Towns must always provide both internal functions and functions for their hinterlands in varying proportions, depending on the type of town and region. To minimize the risk of losing economic and political power, urban strategies must seek to preserve both functions. The current loss of influence of rural areas as well as of small and medium-size towns makes this conclusion even more important.
The Slovenian town Idrija successfully managed a structural change from mining to high-tech industries, without loosing economic and political power (Source: Lukas Koch / ZEITENSPIEGEL).
The hinterlands are, in particular for small and medium-size towns in the mountains, a major reason for the existence of a town. In contrast to this, the mountain environment is first of all a complementary and locational advantage for peri-Alpine agglomerations. Hence, smaller towns must maintain close relationships with their hinterlands and need to move towards adjustment to the urban qualities of towns outside the Alps, while maintaining a strategy that builds on uniqueness.
Relationships Between Towns and Rural Areas
Towns are usually associated with concepts such as employment, inventiveness, power and responsibility; rural areas with agriculture, landscape, recreation, tourism, or "dozy place".
But the relationships between towns and the countryside have severely changed. As boarders vanish, also concepts get confused: where does the town end and where does the rural area begin? And rural area does not just mean slow rural area: there are also dynamic urban hinterlands, agglomerations, successful tourist regions besides quiet areas and isolated valleys with a strong out-migration flow. However, it thus becomes harder to distinguish between towns and rural areas? The traditional schemes are no longer adequate to comprehend this complex situation and the fast dynamics of transformation happening inside and outside the Alpine bow. The traditional frame that represented towns and rural areas as two opposed extremities has vanished. With this transformation, even a form of identity has been lost that we should find again in a new division of roles between towns and the countryside.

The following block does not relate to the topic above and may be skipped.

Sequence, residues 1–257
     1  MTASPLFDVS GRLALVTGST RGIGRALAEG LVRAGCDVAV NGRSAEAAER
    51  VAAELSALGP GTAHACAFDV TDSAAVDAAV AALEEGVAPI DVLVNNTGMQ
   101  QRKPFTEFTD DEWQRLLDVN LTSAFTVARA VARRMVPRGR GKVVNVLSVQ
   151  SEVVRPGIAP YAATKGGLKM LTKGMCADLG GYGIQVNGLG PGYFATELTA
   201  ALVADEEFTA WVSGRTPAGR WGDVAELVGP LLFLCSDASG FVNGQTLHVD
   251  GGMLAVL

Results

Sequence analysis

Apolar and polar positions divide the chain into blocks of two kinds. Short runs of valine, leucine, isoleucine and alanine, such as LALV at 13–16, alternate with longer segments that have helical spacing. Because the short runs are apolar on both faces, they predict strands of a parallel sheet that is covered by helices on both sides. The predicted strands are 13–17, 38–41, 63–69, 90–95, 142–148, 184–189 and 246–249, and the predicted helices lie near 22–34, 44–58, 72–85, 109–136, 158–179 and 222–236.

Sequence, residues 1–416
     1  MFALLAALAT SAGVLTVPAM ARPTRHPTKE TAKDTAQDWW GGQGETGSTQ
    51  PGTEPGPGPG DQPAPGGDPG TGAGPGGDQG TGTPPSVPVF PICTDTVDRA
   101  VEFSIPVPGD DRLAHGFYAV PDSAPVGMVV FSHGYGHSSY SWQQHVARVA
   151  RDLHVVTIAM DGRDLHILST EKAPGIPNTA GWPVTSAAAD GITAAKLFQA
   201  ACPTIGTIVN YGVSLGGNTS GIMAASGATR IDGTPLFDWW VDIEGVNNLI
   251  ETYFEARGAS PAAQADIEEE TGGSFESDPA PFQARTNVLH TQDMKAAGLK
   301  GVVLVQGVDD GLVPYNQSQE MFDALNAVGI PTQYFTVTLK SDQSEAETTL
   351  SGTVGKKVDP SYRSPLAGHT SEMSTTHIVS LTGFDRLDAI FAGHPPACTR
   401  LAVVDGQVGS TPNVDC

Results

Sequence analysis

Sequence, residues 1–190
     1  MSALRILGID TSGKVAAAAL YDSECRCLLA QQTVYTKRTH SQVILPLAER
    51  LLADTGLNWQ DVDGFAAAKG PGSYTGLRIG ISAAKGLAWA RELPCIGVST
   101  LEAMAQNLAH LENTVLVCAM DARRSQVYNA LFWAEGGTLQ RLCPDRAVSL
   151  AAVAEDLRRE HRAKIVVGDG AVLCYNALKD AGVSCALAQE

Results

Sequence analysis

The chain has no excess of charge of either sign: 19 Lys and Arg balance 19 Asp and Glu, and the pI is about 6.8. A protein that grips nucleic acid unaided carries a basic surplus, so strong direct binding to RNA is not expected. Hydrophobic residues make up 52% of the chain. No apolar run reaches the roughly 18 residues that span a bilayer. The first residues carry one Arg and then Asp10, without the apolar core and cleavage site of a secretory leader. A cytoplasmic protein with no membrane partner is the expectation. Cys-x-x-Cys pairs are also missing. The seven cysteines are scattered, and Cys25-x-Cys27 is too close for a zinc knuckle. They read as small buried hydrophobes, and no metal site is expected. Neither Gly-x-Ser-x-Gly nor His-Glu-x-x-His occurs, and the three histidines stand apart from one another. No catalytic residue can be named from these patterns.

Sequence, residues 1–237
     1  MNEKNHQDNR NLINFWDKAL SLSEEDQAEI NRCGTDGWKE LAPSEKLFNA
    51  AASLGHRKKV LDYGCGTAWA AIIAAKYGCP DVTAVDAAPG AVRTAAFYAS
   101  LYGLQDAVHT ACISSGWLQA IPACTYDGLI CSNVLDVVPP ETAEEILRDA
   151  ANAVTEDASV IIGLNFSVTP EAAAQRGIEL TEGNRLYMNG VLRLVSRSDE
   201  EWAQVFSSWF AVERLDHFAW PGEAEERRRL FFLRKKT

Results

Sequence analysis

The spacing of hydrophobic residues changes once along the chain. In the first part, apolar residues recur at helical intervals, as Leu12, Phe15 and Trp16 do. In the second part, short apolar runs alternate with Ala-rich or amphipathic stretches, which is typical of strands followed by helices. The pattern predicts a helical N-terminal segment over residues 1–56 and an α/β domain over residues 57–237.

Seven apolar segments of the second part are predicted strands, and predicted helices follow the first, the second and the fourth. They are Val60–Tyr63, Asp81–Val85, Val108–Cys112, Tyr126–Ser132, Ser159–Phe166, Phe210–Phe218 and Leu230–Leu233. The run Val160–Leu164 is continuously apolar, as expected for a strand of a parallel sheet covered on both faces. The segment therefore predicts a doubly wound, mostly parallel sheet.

Clear borders diminish. Where do rural areas begin, where do towns end? Dornbrin in Western Austria (Source: Frank Schultze / ZEITENSPIEGEL).
In this approach where boarders and concepts get confused, it is necessary to redefine the relationship between towns and rural areas and to find new forms of cooperation, accepting the constant transformations as an opportunity and not viewing them as a threat. Thus, the theme of the governance becomes more and more important. It is a big challenge to clarify what the roles and the responsibilities are and who should assume them. Inside the Alps, towns posses the main economic, social and cultural potentials: they are therefore the ones that should move and give impulses in this direction. Important potentials of the Alpine territory are to be found in the landscape, in the culture and in the force of local innovation. Even though the boarders between towns and rural areas are getting more and more indistinct, towns can and should display the value added they generate through the landscape and the surrounding areas in a more self-confident way.